Typically, investigators have reported no outward signs
of nerve trauma. The concern is how to interpret these findings
in relationship to safety of cuff type electrodes.
In the upper right panel is shown an image of a typical “crescent
type region” It is characterized by having numerous
thinly myelinated large axons, a loose axon packing density,
interneural fibrous tissue, and subperineual thickening.
Macrophages do not seem to be present in the “crescent
type regions”. These “crescent type regions” are
characteristically crescent in shape and positioned on a
superficial region of the fascicle. In the panel on the lower
right is a cross-section from a “normal” fascicle.
The most common type of mechanically induced injury is manifested
as subperineurial crescents of endoneurial connective tissue.
These areas of increased connective tissue were most frequently
situated at the periphery of the fascicles and occasionally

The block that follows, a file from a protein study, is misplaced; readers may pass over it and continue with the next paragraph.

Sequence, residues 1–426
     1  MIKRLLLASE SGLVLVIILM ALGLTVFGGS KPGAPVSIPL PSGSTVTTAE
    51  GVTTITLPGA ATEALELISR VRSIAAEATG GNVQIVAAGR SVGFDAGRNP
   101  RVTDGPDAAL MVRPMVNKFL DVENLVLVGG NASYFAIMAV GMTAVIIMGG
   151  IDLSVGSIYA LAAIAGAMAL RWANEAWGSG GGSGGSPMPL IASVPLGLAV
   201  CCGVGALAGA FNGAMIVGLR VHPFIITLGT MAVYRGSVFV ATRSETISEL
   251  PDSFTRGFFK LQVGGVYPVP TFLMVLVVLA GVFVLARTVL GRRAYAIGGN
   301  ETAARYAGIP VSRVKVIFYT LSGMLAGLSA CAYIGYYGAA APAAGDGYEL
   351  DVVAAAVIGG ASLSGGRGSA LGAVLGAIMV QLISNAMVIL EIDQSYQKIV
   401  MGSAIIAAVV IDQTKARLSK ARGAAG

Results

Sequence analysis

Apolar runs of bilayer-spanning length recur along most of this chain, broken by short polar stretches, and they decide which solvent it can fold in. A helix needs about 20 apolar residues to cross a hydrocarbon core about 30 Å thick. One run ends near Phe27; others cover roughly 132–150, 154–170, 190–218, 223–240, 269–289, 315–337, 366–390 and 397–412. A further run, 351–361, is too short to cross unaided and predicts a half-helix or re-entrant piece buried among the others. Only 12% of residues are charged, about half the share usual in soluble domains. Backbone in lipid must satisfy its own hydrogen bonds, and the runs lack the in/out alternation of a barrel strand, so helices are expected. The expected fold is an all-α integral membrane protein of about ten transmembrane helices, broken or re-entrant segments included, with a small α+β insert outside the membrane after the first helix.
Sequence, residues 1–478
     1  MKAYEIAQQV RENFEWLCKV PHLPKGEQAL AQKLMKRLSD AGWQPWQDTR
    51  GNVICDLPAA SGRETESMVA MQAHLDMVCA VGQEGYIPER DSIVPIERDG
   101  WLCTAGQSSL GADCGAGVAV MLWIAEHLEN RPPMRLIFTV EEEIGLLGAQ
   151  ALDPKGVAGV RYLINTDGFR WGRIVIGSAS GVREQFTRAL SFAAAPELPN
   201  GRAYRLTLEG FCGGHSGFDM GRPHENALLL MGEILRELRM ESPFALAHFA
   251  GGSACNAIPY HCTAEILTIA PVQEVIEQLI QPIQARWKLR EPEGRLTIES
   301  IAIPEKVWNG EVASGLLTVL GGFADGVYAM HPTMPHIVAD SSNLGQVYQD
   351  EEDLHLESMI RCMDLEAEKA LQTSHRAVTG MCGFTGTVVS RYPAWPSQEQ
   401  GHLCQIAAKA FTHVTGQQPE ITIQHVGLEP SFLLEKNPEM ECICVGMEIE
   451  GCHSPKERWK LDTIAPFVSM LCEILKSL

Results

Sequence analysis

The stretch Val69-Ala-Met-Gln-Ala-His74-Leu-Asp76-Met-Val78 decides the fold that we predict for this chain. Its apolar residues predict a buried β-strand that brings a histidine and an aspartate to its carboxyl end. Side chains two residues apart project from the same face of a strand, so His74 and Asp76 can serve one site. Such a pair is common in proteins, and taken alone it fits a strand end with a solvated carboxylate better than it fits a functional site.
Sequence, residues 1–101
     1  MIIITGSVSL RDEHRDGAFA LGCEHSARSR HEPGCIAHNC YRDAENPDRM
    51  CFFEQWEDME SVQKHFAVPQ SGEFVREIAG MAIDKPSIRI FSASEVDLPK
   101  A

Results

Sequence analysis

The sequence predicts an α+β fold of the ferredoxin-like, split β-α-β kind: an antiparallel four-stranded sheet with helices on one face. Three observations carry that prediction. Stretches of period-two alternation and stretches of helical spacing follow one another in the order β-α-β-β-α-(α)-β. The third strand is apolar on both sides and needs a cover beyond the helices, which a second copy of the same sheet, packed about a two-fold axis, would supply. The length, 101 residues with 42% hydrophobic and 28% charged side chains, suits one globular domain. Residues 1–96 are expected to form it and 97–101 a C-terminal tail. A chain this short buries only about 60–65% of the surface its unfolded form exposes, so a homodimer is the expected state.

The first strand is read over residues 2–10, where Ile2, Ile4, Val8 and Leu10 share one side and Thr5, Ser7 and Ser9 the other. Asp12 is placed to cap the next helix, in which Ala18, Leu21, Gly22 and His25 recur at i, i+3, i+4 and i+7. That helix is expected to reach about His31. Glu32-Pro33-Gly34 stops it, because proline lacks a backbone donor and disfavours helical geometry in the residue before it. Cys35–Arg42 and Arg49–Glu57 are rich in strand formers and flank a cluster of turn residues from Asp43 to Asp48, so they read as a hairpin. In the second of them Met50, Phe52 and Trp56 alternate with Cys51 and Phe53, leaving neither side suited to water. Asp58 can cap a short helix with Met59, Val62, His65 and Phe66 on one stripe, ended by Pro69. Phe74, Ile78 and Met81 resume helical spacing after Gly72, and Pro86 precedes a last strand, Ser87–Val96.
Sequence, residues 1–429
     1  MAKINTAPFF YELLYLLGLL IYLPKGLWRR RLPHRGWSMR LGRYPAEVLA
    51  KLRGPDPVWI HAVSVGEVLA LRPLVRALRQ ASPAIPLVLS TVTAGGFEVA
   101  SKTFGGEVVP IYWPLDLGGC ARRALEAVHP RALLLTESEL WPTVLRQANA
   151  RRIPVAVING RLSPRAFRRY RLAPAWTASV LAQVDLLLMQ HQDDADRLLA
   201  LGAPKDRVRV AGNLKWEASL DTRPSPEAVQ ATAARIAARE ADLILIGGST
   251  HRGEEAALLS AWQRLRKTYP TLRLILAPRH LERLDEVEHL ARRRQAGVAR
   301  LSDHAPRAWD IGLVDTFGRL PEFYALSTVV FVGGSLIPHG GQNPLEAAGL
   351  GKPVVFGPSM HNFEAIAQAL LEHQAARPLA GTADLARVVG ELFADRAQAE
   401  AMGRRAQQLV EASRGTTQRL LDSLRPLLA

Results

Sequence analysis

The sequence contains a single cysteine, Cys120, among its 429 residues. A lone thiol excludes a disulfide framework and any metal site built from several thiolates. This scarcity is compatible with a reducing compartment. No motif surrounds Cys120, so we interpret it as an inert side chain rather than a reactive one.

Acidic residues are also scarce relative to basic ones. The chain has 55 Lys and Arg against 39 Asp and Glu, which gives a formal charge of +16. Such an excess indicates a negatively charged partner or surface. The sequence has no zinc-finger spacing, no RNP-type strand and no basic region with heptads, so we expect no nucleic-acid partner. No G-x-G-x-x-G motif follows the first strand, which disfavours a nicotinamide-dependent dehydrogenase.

were accompanied by degenerating axons, localized axonal
loss, and remyelinating axon profiles . The subperineurial
crescents may be adaptive to some degree since they closely
resemble ‘Renaut bodies’ (hyaline-appearing,
loosely-textured, whorled, cell-sparse structures found in
the subperineurial space) . Weis et al.  reported
an association between the development of Renaut bodies and
nerve entrapment, and proposed that these structures may
serve as a pressure-absorbing cushion for entrapped nerve.
Agnew, W.F., and D.B. McCreery. "Principles of safe
and effective nerve stimulation", In: New perspectives
in sacral nerve stimulation, edited by U. Jonas, and V. Grunewald.
London: Martin Dunitz, 2002, pp. 29-42